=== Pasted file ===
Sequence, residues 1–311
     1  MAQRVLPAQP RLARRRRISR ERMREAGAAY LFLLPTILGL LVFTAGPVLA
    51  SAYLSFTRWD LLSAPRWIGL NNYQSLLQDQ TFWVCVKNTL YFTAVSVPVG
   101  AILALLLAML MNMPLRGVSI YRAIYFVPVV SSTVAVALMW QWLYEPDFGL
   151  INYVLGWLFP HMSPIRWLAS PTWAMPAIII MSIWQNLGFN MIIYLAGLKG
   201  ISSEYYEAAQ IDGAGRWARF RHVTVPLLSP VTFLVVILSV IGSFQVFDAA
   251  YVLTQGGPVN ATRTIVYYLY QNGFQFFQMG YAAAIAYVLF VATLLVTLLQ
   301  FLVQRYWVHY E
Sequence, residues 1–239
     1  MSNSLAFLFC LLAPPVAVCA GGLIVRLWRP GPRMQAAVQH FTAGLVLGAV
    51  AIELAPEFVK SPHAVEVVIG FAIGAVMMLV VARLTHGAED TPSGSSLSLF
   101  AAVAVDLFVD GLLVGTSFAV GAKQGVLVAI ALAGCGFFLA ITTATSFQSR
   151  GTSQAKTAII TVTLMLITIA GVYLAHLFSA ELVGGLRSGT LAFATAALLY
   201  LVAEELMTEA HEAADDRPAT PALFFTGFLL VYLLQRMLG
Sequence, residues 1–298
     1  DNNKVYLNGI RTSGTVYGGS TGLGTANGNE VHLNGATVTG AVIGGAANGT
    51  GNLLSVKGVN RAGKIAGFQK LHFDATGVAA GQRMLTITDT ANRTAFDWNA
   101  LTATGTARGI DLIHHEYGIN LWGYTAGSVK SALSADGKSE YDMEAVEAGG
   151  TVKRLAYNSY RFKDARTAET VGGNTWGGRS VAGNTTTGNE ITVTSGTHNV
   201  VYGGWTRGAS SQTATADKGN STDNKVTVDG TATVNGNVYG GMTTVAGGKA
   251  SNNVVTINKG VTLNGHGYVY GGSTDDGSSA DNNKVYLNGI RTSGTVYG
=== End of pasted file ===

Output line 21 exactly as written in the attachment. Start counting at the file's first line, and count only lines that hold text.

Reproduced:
   251  SNNVVTINKG VTLNGHGYVY GGSTDDGSSA DNNKVYLNGI RTSGTVYG